Let’s use an average consumption of 1000 kW-hrs per month (close to the average in Arkansas) to determined a system sized to replace 100 % of electric needs. 1000 kW-hrs per month means 33 kw-hrs per day. Divide that by 4 to get a a little over 8 kW system. To allow for some inefficiencies say we use a 9 kW system. At 2.5 dollars a watt, the total cost would be 22,500 $. The 30% federal tax rebate brings the final cost down to 15,750 $. Sales taxes and installation will add to the cost, but these numbers can be used to approximate a cost if you are interested in going solar.

Energy Storage

The success of transitioning to sustainable energy supplies in the United States relies to a large degree on our ability to store energy produced by intermittent energy sources such as solar, wind and biomass. We have plenty sunlight and wind to go around. Conversion of biomass to a liquid or gaseous fuel is a convenient method for storing energy, but photosynthesis is quite inefficient compared to other ways of capturing solar energy. Also any biomass to energy scheme will involve burning something which always has some negative health consequences.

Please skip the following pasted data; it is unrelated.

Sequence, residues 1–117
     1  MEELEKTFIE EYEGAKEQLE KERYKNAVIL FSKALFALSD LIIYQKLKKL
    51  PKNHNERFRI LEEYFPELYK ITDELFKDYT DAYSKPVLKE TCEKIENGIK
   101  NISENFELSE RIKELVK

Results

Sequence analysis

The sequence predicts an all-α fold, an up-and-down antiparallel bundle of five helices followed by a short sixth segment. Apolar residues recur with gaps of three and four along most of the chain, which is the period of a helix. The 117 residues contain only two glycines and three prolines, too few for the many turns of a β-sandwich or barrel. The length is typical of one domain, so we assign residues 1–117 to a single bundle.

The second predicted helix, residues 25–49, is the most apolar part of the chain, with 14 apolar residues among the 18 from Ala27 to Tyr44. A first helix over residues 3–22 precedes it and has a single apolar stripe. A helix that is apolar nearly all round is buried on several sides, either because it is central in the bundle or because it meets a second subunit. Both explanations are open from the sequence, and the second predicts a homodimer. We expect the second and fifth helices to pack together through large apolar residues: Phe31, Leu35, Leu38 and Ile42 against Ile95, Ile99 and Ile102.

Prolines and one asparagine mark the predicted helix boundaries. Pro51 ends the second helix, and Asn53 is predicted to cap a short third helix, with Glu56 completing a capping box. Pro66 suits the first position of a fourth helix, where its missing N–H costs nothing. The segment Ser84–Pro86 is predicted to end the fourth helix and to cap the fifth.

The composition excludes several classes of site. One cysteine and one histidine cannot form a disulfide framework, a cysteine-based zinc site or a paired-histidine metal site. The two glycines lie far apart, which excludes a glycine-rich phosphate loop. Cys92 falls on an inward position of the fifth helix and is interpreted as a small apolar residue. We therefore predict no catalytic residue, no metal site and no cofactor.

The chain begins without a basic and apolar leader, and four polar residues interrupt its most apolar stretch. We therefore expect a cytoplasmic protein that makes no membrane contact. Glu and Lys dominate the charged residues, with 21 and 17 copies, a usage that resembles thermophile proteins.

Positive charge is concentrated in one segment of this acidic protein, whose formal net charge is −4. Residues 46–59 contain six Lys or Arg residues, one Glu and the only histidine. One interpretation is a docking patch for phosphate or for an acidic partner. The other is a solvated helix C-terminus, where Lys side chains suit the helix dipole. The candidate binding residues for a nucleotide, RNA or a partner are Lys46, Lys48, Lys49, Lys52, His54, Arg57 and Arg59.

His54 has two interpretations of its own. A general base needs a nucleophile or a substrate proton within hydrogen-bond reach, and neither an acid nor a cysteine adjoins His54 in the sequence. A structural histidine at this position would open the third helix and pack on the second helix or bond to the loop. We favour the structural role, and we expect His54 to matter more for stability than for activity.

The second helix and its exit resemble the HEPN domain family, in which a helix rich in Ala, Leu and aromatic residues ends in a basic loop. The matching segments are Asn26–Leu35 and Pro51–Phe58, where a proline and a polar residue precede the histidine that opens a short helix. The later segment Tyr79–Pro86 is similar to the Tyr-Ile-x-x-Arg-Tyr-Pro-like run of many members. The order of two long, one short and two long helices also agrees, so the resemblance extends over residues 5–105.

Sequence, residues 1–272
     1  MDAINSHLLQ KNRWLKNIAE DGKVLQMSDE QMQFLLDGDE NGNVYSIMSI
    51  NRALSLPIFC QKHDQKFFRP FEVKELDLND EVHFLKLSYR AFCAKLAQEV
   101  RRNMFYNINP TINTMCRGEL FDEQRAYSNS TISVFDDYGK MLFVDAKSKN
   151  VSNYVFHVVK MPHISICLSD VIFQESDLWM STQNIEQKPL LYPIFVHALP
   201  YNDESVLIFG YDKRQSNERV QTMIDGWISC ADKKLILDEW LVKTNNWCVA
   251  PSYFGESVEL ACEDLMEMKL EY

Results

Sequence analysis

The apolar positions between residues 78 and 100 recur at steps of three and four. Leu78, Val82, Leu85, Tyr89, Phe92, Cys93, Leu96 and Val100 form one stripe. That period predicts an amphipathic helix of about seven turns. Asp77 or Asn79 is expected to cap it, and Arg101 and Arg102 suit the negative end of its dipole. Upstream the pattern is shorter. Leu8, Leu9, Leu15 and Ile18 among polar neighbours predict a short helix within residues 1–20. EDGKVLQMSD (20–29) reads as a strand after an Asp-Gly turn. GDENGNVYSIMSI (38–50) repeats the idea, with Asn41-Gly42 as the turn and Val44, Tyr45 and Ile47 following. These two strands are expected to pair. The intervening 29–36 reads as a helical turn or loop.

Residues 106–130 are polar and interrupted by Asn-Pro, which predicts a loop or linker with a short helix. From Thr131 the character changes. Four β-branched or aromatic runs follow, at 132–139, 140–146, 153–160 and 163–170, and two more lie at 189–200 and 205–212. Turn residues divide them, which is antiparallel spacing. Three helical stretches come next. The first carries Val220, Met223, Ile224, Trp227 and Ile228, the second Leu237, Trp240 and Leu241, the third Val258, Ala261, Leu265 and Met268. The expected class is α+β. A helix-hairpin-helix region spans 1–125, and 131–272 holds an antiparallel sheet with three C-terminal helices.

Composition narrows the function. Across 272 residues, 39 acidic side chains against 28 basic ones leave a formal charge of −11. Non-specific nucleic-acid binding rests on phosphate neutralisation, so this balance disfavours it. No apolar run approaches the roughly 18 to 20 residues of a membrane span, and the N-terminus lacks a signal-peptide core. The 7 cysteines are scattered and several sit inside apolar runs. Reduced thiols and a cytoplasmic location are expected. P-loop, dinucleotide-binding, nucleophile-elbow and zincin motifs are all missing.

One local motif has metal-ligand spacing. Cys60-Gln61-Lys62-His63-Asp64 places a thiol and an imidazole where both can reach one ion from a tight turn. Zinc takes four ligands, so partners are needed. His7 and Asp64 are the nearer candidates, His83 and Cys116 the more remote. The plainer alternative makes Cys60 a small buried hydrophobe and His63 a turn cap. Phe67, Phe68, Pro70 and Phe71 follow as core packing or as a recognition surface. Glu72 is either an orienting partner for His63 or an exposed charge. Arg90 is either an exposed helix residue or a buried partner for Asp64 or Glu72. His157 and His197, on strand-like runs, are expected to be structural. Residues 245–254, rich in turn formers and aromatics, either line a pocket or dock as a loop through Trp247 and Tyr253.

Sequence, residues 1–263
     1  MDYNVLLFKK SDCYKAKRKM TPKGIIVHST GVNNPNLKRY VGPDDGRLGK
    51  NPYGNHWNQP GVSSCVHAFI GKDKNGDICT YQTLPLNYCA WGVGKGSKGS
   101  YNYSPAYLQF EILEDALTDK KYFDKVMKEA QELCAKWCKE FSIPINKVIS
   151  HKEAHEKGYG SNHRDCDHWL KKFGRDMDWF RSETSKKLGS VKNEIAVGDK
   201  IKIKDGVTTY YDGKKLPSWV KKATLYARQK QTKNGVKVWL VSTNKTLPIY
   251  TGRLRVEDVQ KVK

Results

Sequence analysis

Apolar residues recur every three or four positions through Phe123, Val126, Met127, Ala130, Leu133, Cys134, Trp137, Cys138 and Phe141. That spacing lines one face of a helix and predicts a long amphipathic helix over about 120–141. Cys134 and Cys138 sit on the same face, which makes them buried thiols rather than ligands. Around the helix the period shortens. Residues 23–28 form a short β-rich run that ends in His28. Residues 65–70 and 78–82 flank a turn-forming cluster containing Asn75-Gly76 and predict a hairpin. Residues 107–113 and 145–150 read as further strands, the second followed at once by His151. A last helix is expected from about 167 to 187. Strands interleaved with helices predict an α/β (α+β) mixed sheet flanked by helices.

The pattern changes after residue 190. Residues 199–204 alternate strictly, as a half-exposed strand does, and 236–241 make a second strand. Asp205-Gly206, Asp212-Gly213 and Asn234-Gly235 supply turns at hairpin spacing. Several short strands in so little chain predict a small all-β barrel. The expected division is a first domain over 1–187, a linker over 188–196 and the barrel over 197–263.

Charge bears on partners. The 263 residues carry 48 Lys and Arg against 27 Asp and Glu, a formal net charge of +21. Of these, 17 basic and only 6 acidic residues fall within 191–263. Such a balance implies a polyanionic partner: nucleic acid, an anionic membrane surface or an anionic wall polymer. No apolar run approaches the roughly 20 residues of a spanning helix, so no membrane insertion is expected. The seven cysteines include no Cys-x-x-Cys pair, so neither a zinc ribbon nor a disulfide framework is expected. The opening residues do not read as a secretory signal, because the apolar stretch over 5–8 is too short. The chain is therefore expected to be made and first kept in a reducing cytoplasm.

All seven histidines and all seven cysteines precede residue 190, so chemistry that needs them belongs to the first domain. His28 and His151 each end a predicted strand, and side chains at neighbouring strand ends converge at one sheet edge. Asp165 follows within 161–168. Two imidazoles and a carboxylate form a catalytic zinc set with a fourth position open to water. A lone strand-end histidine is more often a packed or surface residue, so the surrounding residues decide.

The future could be powered by electricity from solar and wind exclusively but how will we store the electricity for use when the sun isn’t shining or the wind isn’t blowing? Batteries are an obvious way of storing energy but are impractical for storing energy on the scale of an electric utility.

grid scale batteries

grid scale batteries

Batteries for powering transportation are in use now and will expand greatly in the future.

Most electric cars today use Lithium ion batteries. They have the best energy to volume and energy to weight ratios referred to as energy density. The problem is that even the best batteries pale in comparison to the energy density of gasoline. Liquid fossil fuels like diesel and gasoline are very energy dense and can produce 50 times as much energy as a Lithium ion battery of equal weight or volume. With current technology the Nissan Leaf, an all electric vehicle, has a range of under one hundred miles. Batteries being developed now can increase the energy density by five to ten fold, giving electric cars a range of several hundred miles.